In April, on the same day that the jury trial for Dominion Voting Systems’ defamation lawsuit against Fox News was set to begin, the two companies reached a $787 million settlement and the whole thing more or less went away. Under the agreement, Fox News agreed to issue a statement that was among the most non-apology apologies in history: “We acknowledge the Court’s rulings finding certain claims about Dominion to be false.” Other than that, and a check amounting to about 5% of Fox News’ annual revenue, there was no penalty.
However, it was clear Fox Corp. owner Rupert Murdoch did not like writing that check. He was even more upset about having the company’s dirty laundry paraded in public by arrogant pundits who openly admitted they knew their shows were riddled with lies. So one week later, Fox News canned Tucker Carlson, the network’s most popular screaming jackass. Things at Fox then went back to the same level of lying as always, while Murdoch fumed about which racist to put into Carlson’s old time slot.
However, just because Fox News has made its way past one lawsuit doesn’t mean they don’t have more on their slate. In particular, the “fair and balanced” outlet is facing another lawsuit directly tied to the now-departed Carlson, one that could ultimately have more impact on Fox Corp. (and on the news media in general) than the suit involving Dominion. Because this one goes right to the core of the question of whether, in the age of conspiracy, libel still counts as libel.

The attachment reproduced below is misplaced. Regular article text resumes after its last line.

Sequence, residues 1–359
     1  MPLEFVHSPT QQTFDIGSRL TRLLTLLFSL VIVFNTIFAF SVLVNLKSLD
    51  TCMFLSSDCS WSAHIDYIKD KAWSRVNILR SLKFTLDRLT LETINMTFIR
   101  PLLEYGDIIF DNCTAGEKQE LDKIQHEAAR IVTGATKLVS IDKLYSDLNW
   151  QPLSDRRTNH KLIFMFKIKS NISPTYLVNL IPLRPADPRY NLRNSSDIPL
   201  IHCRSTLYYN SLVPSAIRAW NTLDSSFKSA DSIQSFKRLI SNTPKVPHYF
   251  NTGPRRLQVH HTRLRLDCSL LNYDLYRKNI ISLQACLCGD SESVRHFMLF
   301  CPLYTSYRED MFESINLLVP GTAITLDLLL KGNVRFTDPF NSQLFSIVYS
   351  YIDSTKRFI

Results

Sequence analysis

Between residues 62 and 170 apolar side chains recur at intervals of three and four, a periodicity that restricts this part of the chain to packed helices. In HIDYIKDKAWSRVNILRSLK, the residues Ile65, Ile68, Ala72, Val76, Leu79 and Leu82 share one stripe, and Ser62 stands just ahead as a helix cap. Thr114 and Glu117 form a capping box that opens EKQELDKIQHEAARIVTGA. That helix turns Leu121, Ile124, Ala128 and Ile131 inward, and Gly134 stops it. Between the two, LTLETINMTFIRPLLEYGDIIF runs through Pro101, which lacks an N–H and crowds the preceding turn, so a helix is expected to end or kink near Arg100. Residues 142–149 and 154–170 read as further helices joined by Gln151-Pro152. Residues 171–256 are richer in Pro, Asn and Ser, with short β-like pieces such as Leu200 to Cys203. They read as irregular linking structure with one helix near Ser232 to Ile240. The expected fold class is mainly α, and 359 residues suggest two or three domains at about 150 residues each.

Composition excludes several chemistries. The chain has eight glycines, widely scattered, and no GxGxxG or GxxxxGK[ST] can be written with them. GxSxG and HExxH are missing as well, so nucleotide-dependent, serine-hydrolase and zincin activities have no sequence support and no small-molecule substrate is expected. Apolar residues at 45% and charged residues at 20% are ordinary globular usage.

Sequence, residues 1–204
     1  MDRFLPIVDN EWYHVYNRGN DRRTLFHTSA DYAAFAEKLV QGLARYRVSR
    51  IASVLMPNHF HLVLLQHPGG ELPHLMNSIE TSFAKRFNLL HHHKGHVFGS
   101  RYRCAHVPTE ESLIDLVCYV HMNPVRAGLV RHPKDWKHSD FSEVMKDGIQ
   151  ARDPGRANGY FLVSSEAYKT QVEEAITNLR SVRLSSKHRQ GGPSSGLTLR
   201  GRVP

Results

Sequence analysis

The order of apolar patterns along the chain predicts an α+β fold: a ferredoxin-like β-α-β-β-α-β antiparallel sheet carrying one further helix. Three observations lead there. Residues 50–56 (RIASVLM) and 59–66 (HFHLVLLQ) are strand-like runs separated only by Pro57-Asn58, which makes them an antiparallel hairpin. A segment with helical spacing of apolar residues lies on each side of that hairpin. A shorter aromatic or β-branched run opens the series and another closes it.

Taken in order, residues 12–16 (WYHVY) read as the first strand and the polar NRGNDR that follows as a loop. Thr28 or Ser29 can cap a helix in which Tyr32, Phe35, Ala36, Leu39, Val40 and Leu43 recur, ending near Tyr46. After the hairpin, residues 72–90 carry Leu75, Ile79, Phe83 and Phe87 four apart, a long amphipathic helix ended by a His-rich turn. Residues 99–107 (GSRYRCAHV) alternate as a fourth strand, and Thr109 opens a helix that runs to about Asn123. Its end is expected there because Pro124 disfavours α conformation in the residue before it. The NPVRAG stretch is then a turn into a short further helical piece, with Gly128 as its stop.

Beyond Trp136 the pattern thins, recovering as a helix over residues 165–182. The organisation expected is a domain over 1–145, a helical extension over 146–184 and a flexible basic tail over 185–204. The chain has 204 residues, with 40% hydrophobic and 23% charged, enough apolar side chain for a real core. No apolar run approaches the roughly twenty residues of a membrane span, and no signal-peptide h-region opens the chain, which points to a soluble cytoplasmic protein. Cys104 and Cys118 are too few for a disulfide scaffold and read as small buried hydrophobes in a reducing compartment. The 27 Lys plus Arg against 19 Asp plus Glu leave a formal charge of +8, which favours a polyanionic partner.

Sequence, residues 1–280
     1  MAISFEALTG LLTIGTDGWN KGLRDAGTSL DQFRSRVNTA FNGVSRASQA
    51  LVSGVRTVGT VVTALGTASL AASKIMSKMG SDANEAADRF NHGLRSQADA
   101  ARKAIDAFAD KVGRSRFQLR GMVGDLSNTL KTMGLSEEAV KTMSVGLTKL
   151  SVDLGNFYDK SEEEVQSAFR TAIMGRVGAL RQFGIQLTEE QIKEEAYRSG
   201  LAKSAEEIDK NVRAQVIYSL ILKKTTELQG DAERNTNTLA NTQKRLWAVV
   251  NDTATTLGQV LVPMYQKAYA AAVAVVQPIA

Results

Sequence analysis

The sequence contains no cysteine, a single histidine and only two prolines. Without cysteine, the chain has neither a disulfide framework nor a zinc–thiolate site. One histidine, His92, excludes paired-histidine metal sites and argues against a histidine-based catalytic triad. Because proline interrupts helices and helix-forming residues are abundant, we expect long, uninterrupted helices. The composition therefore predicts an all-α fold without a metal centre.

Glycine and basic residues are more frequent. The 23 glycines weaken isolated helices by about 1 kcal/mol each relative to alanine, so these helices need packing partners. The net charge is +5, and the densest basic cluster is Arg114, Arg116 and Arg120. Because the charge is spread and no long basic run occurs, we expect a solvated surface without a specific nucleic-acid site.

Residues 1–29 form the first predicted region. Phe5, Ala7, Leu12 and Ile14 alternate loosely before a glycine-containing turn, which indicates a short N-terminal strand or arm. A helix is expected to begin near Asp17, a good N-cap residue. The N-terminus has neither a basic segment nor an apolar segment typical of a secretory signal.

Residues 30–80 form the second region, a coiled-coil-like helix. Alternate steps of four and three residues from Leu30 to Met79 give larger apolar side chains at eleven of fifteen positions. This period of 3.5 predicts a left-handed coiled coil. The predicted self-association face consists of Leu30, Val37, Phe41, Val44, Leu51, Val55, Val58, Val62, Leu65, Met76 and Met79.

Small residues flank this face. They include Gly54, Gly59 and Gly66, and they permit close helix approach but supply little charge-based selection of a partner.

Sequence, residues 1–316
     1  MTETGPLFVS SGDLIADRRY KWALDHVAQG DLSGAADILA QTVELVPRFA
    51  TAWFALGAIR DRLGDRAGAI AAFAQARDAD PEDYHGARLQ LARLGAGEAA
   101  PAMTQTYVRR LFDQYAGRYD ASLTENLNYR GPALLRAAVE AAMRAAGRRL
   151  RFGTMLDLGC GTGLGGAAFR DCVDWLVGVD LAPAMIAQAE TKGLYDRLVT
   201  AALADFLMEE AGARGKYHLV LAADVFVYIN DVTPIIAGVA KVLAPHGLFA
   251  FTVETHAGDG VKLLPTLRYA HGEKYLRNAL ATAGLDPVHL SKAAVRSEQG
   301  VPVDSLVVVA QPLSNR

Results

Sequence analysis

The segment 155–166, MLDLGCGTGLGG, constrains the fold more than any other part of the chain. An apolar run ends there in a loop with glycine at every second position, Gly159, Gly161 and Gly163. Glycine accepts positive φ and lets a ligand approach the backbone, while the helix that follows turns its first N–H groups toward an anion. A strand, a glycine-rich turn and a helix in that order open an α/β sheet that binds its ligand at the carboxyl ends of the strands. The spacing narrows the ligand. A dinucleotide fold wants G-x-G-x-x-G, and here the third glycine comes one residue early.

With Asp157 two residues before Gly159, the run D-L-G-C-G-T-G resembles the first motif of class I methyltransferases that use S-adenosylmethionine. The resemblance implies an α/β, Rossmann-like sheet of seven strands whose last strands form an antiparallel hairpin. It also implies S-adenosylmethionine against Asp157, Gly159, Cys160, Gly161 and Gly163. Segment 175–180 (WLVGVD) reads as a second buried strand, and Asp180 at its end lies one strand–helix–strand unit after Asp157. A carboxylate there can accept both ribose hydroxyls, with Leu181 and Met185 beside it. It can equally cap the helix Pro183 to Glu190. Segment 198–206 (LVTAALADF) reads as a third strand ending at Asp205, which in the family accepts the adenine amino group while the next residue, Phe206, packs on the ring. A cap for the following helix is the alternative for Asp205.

The Jan. 6, 2021, insurrection wasn’t even over before Donald Trump supporters started cranking out the conspiracy theories. According to those who regularly took their predictions from an account named “Q,” the people crashing through the doors and windows of the Capitol carrying Trump signs and Trump flags while wearing Trump hats and Trump shirts couldn’t possibly be Trump supporters. Instead, as the conspirators tell it, the insurrectionists had to be the dreaded undercover antifa mob.
Maybe they had been bused in by George Soros. Maybe they had risen up from underground pizza tunnels. Or maybe they were members of the “deep state” that somehow managed to still be running everything, even after four years in which Trump was supposedly engaged in full-time swamp draining.